- For corporate names, you will need to complete name registration within the jurisdiction of incorporation. In the case where you are incorporating federally, you will have exclusive use of your corporate name across the country. Whereas if you are incorporating provincially or territorially, you will have exclusive use of your corporate name in the province or territory where you incorporate.
#6 Obtain a business license
- While it is not necessary for all businesses, numerous new businesses will have to obtain business licenses prior to legally operating within their municipalities. Different kinds of business activities may also require different kinds of additional permits. You may use tools such as Industry Canada’s BizPaL to find out the licenses and permits you will need to conduct your business.
#7 Register for the Harmonized Sales Tax/Goods and Services Tax (HST/GST)
- You must register for goods and services tax (GST) and harmonized sales tax (HST) if your business’ annual gross income exceeds $30,000. However, many businesses that are making less than $30,000 in revenue per year volunteer to register for GST/HST. This is due to businesses being able to enjoy Input Tax Credits, where businesses can get back taxes they paid out on purchases for business use.
#8 Register for the provincial sales tax
- Most provincial and territorial governments require businesses to register with them apart from registering with the federal government. Additionally, businesses are required to collect provincial sales tax in some provinces.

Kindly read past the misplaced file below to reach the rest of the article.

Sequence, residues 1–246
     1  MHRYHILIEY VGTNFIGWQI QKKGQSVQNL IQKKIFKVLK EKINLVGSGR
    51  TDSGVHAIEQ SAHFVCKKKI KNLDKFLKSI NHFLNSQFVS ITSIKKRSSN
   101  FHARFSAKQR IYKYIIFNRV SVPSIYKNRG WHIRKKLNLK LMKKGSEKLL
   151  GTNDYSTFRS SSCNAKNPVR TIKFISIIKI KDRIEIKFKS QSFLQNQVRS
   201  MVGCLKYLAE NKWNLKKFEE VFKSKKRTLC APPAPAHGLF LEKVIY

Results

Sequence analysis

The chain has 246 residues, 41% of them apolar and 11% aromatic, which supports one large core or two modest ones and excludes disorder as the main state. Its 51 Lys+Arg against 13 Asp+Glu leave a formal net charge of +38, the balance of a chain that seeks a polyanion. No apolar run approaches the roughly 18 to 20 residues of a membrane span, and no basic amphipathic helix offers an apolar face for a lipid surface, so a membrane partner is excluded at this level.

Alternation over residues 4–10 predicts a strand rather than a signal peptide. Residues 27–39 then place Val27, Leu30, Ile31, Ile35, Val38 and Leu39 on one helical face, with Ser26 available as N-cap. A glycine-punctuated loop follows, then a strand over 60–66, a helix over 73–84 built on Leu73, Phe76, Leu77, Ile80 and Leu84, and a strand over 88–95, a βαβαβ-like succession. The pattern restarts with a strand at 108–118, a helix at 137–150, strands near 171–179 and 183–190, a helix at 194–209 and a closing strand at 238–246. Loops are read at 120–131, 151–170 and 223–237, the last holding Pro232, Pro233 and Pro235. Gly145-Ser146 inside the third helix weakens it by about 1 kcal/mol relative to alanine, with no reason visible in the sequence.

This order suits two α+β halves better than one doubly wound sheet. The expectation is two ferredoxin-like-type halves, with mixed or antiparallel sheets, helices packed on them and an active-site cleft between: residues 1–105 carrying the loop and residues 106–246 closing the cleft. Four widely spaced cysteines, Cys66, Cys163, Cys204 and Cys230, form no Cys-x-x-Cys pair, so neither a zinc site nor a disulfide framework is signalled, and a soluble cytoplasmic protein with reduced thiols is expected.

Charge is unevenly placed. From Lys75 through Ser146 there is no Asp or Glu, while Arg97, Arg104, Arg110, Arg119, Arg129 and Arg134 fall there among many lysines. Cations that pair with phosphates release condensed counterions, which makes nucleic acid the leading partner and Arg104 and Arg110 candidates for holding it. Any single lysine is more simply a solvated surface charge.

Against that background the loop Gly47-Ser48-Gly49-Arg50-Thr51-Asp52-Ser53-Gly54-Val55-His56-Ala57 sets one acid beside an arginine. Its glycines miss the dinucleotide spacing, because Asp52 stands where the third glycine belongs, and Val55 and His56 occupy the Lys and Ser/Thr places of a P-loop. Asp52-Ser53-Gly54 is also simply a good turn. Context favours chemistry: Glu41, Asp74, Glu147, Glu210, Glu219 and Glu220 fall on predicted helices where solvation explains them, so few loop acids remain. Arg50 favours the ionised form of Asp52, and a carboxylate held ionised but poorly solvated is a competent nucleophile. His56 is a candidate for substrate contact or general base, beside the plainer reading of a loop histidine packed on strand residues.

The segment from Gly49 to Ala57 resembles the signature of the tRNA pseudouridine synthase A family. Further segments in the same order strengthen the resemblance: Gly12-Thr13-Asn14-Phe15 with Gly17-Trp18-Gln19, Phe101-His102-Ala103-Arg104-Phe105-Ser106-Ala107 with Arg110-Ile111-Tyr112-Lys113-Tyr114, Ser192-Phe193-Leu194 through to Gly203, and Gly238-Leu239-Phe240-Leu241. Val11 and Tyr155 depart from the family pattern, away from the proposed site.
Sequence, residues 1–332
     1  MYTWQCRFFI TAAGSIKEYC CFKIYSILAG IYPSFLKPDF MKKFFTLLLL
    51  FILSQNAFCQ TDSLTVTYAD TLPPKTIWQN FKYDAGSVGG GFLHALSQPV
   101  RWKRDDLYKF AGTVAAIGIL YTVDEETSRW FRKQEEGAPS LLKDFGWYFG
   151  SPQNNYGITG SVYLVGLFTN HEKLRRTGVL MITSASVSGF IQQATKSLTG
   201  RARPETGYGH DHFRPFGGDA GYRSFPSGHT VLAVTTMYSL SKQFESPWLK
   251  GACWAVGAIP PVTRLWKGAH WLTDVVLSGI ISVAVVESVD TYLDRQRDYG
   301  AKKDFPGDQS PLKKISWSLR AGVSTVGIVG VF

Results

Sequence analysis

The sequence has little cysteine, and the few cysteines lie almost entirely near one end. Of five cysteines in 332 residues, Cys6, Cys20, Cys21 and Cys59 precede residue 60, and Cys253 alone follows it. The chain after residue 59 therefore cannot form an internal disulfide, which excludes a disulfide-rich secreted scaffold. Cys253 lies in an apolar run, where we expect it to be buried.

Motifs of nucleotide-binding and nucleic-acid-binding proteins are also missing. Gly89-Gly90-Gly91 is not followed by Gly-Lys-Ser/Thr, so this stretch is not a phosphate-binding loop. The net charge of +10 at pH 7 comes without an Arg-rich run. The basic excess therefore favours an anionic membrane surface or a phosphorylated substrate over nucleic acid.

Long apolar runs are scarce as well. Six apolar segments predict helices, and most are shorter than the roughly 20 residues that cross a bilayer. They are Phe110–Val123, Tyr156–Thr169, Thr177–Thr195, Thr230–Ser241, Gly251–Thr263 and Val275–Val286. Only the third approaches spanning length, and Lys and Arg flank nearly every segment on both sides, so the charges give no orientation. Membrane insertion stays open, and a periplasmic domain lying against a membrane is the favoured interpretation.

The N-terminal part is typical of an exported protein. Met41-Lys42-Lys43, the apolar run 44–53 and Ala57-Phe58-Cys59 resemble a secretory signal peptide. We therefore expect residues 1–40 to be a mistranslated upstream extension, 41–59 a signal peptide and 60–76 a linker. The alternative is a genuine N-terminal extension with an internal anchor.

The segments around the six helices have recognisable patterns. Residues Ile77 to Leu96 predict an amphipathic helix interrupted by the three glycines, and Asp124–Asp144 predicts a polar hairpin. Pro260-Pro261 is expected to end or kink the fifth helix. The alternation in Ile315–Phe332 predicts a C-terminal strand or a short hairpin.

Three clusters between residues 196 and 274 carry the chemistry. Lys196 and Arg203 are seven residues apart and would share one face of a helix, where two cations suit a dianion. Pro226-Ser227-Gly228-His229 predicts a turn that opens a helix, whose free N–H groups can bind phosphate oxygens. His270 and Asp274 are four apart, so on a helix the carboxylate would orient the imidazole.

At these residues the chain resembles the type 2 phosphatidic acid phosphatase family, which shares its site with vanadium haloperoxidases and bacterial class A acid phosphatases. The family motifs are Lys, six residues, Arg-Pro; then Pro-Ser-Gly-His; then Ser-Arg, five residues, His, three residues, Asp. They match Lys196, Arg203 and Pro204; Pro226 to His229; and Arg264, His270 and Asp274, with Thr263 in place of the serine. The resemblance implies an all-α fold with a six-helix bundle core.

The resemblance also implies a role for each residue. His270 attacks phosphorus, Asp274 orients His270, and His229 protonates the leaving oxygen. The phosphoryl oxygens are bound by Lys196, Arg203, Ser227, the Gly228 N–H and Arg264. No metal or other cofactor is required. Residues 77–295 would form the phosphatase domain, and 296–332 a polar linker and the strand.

- If you wish to start a business in Alberta, British Columbia, Manitoba, or Saskatchewan, it is mandatory to register as a collector of provincial sales tax (PST). You will need to register for Quebec Sales Tax (QST) in Quebec.
#9 Market your business
- The last step before embarking on your entrepreneurship journey is to promote your business. If you have yet to develop a marketing strategy for your business, having a good knowledge of your target customer is your first step. Translate your plans into goals and enact marketing initiatives to kickstart your business.
#10 Source for financing for your business
- Prior to starting a business, it is imperative to come up with a financial plan to get your business running. Have you thought of where you will obtain funds from? It may be from your personal savings, borrowing from acquaintances, crowdsourcing or an investor. While there are pros and cons of each method of funding, it is crucial to evaluate which best suits your business.
- Having sufficient finances to operate your business may be an uphill task, but there is a range of government and private-sector sources of finance that you can receive support from. You can find more about the grants and financial support available on the Canadian’s government website. Some examples include innovation funding and support, business support for young farmers and support for immigrant entrepreneurs.
#11 Be ready to hire employees
- As your business starts to expand, hiring employees for your business should be your next priority. You will need to register with the provincial Workers Compensation Board (WCB) in your area, and learn about worker’s compensation insurance. Additionally, you will need to learn about payroll deductions and employment insurance.
#12 Buy business insurance
- Apart from the legally required employment insurance, you may require additional protection for your business. This is dependent on the type of business activity and your risk preferences. Apart from getting insurance for your business property, goods and vehicles, you may wish to consider getting insurance covering general liability, product liability, professional liability or business interruption.
Looking to setup business in Canada?
Canada company registration is hassle-free if you are familiar with the entire incorporation process. Tetra Consultants strives to provide our clients with a seamless experience when setting up a company in Canada. Our team of experts will ensure that your Canada company can be operationally ready as soon as possible.
Contact us and we will revert within 24 hours.